This is the Part 2 of the series where I share my switch from Photoshop to Illustrator. Don’t miss out the Part 1 if you haven’t read it yet.
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After the first weeks working on Illustrator, I realised that I was still tied up to Photoshop to develop the sketches. I’m not up to sketch using Illustrator directly because I prefer to draw. I found that drawing was my natural way of bringing ideas to the reality. Illustrator is not related to drawing, but more to composing using Shapes, the Pathfinder and the Pen tool.
My previous workflow consisted of sketching in a notebook using a pencil and then creating the final sketch from scratch in Photoshop using a Wacom Cintiq 13HD.
As I switched from Photoshop to Illustrator, I thought it was a nice opportunity also to question my sketching process and a good chance to improve the whole workflow.
My old sketching workflow
Since I became a professional illustrator, I’ve used a notebook and a pencil to develop my very first sketches. Over the years, I finalised 5 of those notebooks, and they contain hundreds of unused ideas. As I can’t carry all the notebooks with me, I ended up selecting some of those ideas and keeping them in Evernote for future projects.
After having those very first sketches, I moved to Photoshop to create the sketches using a graphics tablet.
My experience using graphics tablets started 6 or 7 years ago, with a Wacom Intuos 4S. The learning curve took some time, but after a while, I was so used to it that I even replaced my mouse with the Intuos 4S for browsing the Mac.
After a couple of happy years with the Wacom Intuos 4S, I decided to switch to a Wacom Cintiq 13HD.
It had a built-in screen, which allowed me to look directly to my hand while drawing. It was a massive improvement.
The Cintiq 13HD is a reliable and powerful tool, but it has some down points.
It works as an external screen, it needs to be plugged into the computer and also into the power socket, it’s not an independent device. It’s not massively heavy but it take up the same space and weight than my Macbook, and both devices together are bulky and take up half of the available space of my backpack.
My actual needs have changed now that I’m not using Photoshop for the finals anymore. I’m also travelling a lot more than before. So taking the opportunity of the Photoshop to Illustrator switch, it was an excellent chance for considering other options.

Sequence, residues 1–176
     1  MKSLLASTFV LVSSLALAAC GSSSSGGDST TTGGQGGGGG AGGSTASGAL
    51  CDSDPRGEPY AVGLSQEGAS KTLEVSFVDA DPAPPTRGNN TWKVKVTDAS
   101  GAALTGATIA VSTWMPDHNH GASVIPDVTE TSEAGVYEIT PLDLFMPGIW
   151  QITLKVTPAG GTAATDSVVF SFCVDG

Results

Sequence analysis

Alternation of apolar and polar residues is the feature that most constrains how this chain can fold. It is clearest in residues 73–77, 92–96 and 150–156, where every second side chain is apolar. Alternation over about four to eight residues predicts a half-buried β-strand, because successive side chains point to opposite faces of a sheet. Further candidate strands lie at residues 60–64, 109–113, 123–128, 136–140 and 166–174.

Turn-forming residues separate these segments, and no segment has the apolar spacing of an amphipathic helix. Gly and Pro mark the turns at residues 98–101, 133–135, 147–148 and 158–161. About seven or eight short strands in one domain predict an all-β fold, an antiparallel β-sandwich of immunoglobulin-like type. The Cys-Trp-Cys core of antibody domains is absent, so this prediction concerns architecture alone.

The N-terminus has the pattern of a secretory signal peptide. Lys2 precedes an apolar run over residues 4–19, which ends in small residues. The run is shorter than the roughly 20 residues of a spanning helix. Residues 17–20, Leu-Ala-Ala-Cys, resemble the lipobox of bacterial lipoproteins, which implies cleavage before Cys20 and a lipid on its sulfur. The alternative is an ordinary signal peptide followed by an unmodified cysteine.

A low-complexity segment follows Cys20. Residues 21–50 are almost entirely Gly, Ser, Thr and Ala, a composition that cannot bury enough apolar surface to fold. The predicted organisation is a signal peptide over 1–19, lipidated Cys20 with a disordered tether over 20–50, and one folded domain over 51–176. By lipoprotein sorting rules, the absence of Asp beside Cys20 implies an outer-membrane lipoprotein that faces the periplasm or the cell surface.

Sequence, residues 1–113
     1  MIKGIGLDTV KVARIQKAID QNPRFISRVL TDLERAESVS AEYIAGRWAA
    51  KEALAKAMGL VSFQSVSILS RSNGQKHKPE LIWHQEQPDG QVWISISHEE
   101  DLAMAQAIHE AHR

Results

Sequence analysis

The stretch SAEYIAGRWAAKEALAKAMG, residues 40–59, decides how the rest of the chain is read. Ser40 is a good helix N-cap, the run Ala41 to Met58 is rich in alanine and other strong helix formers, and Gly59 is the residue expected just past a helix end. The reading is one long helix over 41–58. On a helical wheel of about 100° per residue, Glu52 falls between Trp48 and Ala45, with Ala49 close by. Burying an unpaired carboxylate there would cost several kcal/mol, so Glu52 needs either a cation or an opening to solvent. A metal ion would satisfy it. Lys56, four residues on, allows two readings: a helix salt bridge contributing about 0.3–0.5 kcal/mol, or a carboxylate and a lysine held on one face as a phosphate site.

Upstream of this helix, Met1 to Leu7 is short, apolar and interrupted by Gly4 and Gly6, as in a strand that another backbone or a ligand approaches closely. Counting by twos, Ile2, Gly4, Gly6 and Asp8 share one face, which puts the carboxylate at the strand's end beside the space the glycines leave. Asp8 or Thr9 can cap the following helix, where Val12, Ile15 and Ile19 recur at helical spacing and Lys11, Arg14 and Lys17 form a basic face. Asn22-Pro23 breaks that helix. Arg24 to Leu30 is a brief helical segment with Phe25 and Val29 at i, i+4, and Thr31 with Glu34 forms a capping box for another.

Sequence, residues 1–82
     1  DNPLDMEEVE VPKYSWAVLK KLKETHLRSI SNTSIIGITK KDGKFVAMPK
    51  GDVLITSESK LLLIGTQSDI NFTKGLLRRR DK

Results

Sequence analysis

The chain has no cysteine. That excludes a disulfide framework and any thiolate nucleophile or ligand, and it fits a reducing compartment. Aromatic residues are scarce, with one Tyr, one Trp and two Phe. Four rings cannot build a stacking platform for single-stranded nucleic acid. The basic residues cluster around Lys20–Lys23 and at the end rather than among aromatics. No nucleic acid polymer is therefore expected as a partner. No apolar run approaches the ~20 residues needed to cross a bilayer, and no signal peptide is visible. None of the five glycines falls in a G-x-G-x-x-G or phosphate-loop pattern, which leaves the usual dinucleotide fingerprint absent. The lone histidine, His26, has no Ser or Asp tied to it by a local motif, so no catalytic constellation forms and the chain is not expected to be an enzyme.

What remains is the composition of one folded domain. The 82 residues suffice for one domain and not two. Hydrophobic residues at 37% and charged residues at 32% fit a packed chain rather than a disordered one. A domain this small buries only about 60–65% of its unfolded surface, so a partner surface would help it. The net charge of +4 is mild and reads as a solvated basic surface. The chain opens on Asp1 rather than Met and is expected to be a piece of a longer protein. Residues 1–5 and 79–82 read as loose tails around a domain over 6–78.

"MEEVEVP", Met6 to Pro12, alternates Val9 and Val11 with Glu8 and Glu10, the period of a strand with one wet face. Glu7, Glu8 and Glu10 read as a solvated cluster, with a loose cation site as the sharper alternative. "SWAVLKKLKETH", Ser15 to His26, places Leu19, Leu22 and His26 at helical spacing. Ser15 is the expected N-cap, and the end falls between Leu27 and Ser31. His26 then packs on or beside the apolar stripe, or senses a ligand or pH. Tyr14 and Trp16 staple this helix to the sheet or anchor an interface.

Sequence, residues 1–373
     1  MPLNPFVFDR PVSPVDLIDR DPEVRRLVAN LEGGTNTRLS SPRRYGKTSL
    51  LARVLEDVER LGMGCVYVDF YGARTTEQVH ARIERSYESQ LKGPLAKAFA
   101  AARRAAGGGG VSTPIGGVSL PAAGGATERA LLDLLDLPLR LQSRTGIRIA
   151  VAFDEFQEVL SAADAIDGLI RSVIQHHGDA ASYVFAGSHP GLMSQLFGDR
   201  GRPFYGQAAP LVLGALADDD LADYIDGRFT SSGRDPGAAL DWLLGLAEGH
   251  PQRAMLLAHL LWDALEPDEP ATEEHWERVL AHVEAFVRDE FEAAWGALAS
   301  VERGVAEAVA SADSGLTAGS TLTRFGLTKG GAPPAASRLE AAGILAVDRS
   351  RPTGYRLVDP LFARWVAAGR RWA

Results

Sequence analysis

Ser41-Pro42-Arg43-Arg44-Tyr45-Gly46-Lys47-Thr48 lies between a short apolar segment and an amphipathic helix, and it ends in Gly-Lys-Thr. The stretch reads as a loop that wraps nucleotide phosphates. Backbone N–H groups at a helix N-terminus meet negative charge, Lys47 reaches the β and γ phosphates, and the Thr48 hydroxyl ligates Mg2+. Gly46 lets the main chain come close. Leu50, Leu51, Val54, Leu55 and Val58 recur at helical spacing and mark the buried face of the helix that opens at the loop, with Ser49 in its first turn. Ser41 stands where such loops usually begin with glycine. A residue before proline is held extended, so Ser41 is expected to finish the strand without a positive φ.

My new sketching workflow: iPad Pro 9.7″ + Procreate app
A few months ago, Apple released a 9,7 inches version of the iPad Pro, which is also compatible with the Apple Pencil. After some time thinking, I realised that the iPad Pro in conjunction with the app Procreate meets all my actual needs as a sketching device.
A few weeks after experimenting and using this new system, I found it very practical and reliable solution. It’s very portable, independent, flexible and reliable. The iPad Pro + Procreate tandem allows me to create the sketches in a very similar way as I used to do in Photoshop. At some point, I will write an article sharing with you how I use Procreate.
I travel a lot, which means that I work from a lot of different places, including hostels, hotels, trains, planes, cafes, libraries, and from a lot of different scenarios. With the Wacom Cintiq 13HD it was always a bit difficult because I needed a reasonable amount of space for the tablet, the Macbook, the cables and also I always needed to find a socket.
Now, I can just bring my iPad to any of those places and start working. No cables, no notebooks, no pencil cases. Just one device from where I can even send the sketch directly to the client.
Benefits of my new sketching workflow
- I replaced a bunch of objects involved in the sketching process with just one device.
- The iPad Pro is ultraportable and independent. I can sketch from everywhere, even if it’s dark or a power socket is not available.
- I can directly sketch using colours and shapes.
- If the client provides me with a layout, I can sketch directly on it.
- I do not longer need to digitalise my unused sketches to keep them with me. It perfectly fits the paperless philosophy I follow.
- I can also use the iPad for other things besides drawing.
Big changes never come alone
Now that I started using a whole new system for developing my illustrations I see that it was the right time to question my entire workflow. And I realised that switching from Photoshop to Illustrator created new opportunities for improving the way I developed my sketches. As a result, I simplified and optimised my tools, and I can now work in better conditions.
As the years go by, we evolve as artists, and our lives change as well. We need to adapt to new realities, and we should take some time to evaluate the way we use our tools. The reasons for using the tools we use should respond to our needs, not to our habits. It’s possible that we can improve our workflows just re-thinking our needs. And most of the times when we decide to change something it’s very likely that new changes proceed the first one.
Changes in our workflows are scary, but most of the times lead to new stages. We need to keep our minds and eyes open to adapt to new situations, which will bring new opportunities.
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How do you create your sketches? Which tools do you use? I would love to hear your workflows! And as always, if you have any questions, comments or suggestions, please let me know in the comments.
In the Part 3 I will share with you some of the conclusions after using Illustrator for a couple of months.
PS: My online course Strategy & Business for Illustrators is now available for pre-order!